“I look for storage, camera and processor in phones and cheaper alternatives like OnePlus are more value for the money. The new iPhones cost almost 100,000 rupees – I can get three good phones for that price or even a decent gaming laptop.”

Solid Mac sales and the high unit price of iPhones meant Apple’s total revenue of $2 billion in India last year was still double that of OnePlus, which only sells mobile phones. But Counterpoint’s data says that gap will also shrink.

OnePlus’ India head Vikas Agarwal told Reuters this week that 10-15 percent of new customers in recent months have been defectors from Apple, suggesting even some loyalists are opting out of upgrading their handsets.


Apple’s problems go beyond price.

The company, facing down a handful of regulatory headaches, lost some of its top executives in India at the start of this year.

An Apple spokesman said the departures had nothing to do with the company’s performance, but people familiar with the matter told Reuters that the departures were likely linked to the company changing its distribution system. Apple has cut the number of distributors in the country to two from five.

The sources, who declined to be identified because they have business relationships with Apple, also said company veteran Michel Columb is still working on solidifying business relations since taking control of the Indian operation in December.

Apple declined to comment further.

Prime Minister Narendra Modi’s government has sought to drive electronics producers into manufacturing locally by steadily moving tariffs up the supply chain from simple phone cases to sophisticated chipsets and boards.

Along with local firms like Lava, global smartphone giants including Samsung Electronics Co Ltd, Oppo and Xiaomi Corp have responded aggressively, investing millions of dollars in plants around Bengaluru and Delhi tech hub Noida.

Apple is the only major player which does not manufacture phones in the country and it only assembles two low-cost older models through Wistron Corp in Bengaluru.

Industry experts say as a result the company still imports about 70-80 percent of its phones. That results in high import duties, which in turn make the phones expensive.

In the United States, the basic iPhone XR model costs $749 or roughly 54,400 rupees, only two thirds of its retail price in India. Beyond that, while U.S. phones are subsidized under deals with wireless carriers, Apple’s phones in India are not.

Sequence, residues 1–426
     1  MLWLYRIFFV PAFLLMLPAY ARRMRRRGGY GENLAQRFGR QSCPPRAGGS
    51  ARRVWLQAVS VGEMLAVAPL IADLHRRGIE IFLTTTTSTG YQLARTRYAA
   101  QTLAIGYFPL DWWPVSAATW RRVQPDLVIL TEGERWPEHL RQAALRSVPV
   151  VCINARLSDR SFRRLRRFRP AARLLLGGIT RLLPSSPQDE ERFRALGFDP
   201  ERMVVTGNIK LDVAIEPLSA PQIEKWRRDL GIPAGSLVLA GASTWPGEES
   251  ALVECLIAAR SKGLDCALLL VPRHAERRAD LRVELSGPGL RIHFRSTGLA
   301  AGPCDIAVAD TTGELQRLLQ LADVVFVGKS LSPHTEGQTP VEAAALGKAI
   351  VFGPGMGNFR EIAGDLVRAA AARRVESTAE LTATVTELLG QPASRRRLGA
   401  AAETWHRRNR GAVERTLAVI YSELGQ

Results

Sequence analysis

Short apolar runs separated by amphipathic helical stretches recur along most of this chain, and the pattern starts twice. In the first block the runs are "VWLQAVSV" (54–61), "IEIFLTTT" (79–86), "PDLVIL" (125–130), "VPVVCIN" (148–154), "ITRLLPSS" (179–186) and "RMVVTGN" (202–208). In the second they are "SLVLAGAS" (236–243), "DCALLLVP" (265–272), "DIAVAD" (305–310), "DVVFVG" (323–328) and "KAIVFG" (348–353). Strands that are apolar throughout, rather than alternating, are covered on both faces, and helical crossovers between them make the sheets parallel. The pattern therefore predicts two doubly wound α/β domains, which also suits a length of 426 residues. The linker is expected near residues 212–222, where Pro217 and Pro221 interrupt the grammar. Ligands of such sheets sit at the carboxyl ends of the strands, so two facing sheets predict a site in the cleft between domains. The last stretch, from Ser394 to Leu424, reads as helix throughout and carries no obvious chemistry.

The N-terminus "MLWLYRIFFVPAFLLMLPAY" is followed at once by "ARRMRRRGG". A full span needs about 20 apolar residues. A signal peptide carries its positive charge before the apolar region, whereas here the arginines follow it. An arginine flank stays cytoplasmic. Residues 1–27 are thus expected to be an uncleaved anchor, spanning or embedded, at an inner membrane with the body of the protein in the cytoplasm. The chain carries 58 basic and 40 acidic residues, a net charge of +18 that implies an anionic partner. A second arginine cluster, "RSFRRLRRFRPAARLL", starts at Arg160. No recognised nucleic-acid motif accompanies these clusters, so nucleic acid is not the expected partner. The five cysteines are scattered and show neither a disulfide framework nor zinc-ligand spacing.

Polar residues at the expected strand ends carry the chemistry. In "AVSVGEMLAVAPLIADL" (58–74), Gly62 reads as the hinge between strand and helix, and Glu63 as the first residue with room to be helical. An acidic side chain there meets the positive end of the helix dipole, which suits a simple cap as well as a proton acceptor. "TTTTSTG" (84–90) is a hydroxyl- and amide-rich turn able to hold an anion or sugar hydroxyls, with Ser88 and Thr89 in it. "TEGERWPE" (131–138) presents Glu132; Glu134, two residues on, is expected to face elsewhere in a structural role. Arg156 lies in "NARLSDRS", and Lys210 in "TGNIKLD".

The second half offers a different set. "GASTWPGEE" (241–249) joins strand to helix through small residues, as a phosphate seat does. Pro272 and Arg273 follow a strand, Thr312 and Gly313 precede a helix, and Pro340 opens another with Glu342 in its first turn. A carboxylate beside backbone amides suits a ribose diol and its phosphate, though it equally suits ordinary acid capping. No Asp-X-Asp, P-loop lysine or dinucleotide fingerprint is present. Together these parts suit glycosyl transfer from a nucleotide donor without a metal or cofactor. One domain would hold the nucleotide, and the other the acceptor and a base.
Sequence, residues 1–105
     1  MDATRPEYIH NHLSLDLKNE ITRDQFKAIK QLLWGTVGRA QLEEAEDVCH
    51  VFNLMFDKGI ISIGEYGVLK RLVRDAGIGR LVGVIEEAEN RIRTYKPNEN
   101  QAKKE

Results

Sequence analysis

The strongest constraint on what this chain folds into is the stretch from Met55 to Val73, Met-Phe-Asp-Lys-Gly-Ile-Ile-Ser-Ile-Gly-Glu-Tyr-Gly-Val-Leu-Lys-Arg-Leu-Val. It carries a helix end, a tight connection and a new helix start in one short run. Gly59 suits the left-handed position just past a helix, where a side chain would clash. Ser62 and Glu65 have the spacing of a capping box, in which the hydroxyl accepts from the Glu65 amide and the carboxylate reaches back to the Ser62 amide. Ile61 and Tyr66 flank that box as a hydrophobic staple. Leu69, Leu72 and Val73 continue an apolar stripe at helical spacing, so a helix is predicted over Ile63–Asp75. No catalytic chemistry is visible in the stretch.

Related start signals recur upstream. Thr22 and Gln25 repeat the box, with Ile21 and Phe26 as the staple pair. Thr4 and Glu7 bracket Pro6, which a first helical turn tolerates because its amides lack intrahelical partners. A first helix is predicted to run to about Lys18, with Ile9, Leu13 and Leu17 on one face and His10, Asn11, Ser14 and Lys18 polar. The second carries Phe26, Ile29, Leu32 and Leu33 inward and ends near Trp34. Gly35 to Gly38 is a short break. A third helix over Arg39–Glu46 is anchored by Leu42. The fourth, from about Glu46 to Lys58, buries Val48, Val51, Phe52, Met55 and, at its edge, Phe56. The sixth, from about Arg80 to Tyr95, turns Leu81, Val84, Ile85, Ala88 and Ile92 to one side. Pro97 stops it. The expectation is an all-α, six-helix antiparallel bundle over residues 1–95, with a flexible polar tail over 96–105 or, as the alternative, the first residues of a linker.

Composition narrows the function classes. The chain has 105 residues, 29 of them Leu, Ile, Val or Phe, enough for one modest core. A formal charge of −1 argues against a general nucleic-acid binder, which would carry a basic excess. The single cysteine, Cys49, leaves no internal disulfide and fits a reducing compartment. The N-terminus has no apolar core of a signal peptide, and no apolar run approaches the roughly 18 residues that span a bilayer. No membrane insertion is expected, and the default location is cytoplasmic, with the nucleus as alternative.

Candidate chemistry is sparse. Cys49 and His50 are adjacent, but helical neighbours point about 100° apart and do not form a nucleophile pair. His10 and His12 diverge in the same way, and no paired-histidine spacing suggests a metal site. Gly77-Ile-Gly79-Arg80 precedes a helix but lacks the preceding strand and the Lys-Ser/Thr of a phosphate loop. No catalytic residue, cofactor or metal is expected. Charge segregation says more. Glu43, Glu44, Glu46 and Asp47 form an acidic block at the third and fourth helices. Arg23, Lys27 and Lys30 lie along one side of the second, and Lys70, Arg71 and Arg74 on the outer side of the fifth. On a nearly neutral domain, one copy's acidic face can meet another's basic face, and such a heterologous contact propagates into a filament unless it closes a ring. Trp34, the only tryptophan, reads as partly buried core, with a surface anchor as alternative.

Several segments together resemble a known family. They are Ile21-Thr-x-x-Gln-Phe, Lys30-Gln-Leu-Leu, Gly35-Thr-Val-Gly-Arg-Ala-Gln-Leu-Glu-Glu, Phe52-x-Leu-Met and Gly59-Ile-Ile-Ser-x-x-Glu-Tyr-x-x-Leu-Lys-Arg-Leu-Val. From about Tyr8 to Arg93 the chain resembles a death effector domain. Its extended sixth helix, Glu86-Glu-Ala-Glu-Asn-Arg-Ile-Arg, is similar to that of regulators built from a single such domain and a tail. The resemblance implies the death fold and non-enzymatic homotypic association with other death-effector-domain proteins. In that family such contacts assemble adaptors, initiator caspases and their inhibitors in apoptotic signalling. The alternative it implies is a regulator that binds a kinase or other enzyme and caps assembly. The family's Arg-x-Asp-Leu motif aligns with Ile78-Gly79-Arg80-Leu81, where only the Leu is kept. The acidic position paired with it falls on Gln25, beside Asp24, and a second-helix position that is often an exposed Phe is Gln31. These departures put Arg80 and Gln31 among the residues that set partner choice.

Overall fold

“Apple doesn’t have enough confidence … in the Indian manufacturing system right now, to set up plants and move some of the manufacturing out of China,” said analyst Navkendar Singh of tech consulting firm IDC.

“In the process they are losing around 15-20 percent of their tax incentive … which they could have passed on to the consumer.”


Diwali, the Festival of Lights, is peak selling time for electronics in India, but the Apple-licensed store in one of Bengaluru’s big shopping malls was deserted this past Saturday.

“Features of the emerging phones are very similar to an iPhone,” says salesman Aejaz Ahmed, adding volumes have fallen in the past few months. “It is very difficult to make out the difference from a distance because they even look so alike.”

Sales staff at several stores in Bengaluru and nearby Chennai pointed to the launch this year of the latest OnePlus phone as a major problem for the U.S. phonemaker. At 37,999 rupees, the Chinese company’s 6T is half the price of the XR.

The result, says Neil Shah, from Counterpoint, is that Apple’s user base in India is set to decline about 10 percent to nine million users this year. That compares to an estimated 436 million Android users.

“If your user base is declining, you are losing grip on the market,” he says. “The new customer base is not coming.”

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How a Democratic U.S. House could alter foreign policy

WASHINGTON (Reuters) – Democrats will use their new majority in the U.S. House of Representatives to reverse what they see as a hands-off approach by Republicans toward President Donald Trump’s foreign policy, and push for tougher dealings with Russia, Saudi Arabia and North Korea.